- In theory, moving government procurement processes online can save costs by curbing collusive practices amongst bidders and increasing honest competition for contracts.
- This project evaluated the actual effects of the introduction of e-procurement in a government department in Bangladesh.
- The researcher found that e-procurement has a significant impact on decreasing contracts prices paid by the department – by more than 10%.
- A subsequent cost-benefit analysis carried out by the researcher showed that a wider rollout of e-procurement to the rest of the Bangladeshi civil service could be one of the most cost-efficient investments made by the government. The system is now fully operational.
In 2011, the Bangladeshi government began the roll out of an e-procurement system in a number of departments. The traditional procurement system, which required bidders to visit government offices to submit a bid, was subject to various collusive and corrupt practices from those who engaged in the bidding processes. For example, politically-connected bidders for local government contracts could physically stop non-collusive bidders from submitting documents by having them stolen – known as “tender snatching”.
In theory, an e-procurement system can curb such malpractices and promote more honest competition from both local and national bidders. By opening up the procurement process to anyone who has access to internet connection, the e-procurement process may avoid the local political capture that defines the traditional process and increase competition for bids. The overall effect is that the increased competition for contracts will result in lower prices for the government. But is this the case in practice?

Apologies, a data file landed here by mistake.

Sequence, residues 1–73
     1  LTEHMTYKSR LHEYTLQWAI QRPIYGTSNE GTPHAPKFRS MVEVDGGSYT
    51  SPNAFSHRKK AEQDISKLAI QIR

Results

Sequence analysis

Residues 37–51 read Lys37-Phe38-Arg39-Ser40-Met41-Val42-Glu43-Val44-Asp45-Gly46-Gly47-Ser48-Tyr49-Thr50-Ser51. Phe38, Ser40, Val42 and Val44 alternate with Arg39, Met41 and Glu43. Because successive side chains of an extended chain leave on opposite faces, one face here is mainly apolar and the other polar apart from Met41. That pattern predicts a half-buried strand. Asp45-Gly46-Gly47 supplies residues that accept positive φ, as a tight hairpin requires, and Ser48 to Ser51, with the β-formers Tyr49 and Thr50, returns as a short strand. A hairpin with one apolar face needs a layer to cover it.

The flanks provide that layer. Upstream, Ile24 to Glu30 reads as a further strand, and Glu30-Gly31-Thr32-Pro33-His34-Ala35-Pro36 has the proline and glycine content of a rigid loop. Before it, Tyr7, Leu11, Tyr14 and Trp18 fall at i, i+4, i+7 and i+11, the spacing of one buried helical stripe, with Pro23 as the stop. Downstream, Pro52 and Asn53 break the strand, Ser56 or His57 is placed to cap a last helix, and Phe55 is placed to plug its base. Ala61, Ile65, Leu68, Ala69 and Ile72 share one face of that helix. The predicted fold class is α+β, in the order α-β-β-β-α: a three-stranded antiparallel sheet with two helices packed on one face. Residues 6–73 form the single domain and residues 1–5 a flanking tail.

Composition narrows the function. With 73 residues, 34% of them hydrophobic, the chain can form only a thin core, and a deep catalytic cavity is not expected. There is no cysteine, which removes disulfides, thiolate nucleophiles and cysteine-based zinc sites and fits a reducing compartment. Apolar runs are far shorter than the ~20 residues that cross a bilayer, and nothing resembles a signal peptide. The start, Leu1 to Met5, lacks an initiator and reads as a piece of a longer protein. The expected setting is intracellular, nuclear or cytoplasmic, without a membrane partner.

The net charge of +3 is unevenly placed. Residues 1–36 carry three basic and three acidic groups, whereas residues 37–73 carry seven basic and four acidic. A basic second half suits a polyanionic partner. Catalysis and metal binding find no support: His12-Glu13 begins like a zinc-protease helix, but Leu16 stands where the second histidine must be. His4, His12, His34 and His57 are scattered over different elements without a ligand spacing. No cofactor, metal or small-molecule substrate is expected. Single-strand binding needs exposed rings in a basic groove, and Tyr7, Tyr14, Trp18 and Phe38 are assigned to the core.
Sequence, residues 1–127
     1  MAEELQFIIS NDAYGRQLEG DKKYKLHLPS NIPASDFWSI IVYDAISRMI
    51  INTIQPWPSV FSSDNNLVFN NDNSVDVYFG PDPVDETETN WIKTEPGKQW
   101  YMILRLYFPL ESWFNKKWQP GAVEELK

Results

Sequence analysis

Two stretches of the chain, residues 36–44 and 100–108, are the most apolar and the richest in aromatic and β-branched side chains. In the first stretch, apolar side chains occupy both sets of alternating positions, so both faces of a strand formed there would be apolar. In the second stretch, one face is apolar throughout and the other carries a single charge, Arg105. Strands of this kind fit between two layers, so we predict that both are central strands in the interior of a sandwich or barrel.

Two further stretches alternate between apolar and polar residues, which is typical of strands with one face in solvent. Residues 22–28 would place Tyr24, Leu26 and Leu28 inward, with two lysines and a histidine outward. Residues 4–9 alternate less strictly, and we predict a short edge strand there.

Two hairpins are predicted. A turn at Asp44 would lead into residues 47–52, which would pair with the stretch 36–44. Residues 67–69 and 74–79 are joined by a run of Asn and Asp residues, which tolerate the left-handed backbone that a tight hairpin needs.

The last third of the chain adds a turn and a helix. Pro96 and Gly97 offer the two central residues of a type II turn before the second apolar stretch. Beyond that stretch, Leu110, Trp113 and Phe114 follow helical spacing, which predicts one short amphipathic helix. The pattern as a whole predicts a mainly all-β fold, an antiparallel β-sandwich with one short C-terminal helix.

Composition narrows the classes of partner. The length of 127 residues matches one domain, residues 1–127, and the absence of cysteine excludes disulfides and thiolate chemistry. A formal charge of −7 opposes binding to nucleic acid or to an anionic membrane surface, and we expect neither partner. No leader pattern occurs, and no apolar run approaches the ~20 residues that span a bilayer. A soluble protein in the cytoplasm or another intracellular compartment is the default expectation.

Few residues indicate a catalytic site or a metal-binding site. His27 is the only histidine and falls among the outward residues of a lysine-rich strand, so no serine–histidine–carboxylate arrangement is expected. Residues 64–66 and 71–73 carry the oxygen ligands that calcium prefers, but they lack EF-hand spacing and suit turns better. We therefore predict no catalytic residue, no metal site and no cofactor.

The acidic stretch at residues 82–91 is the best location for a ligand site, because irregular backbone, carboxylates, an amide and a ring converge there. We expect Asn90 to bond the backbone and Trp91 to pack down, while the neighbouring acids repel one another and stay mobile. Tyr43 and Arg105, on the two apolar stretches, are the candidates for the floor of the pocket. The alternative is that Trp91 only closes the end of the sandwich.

In this project, the researcher, Wahid Abdallah, evaluated the actual effects of the introduction of an e-GP system in one public agency in Bangladesh – the Local Government Engineering Department (LGED). The variation in timing of adoption of the e-GP system at various offices of the department around the country provided a quasi-experimental design that helps identify the effects of e-GP.
As theorised, e-procurement’s effect on contract prices for LGED was significant. It turns out that adoption of e-GP reduces the price to cost ratio of contracts by at least 10.25%, and in the most robust estimate, by 11.85%. To put this in perspective, in 2013 alone LGED procured 1,845 items at the average price of 3,911,064 takas (around $50,000). With a price reduction of 11.85% per item, the total cost savings for the department due to the e-GP system amounts to 855,085,700 takas (nearly $11 million).
Based on the data collected in the IGC project, Wahid Abdallah conducted a formal cost-benefit analysis of scaling-up e-procurement to include more government agencies in Bangladesh. Estimates suggest that for every taka spent on the e-GP transition, 663 takas would be saved, making it one of the most cost-efficient investments that the Bangladeshi government could carry out.
In May 2016, the government decided to proceed with the scale-up of e-procurement and the initiative was documented in the budget speech of fiscal year 2016-17. In addition, the e-procurement paper has been used in pilot training at the local level to train citizen committees to monitor public procurement practices. The e-procurement system is now fully operational on one web portal – you can look at the latest tendered contracts here.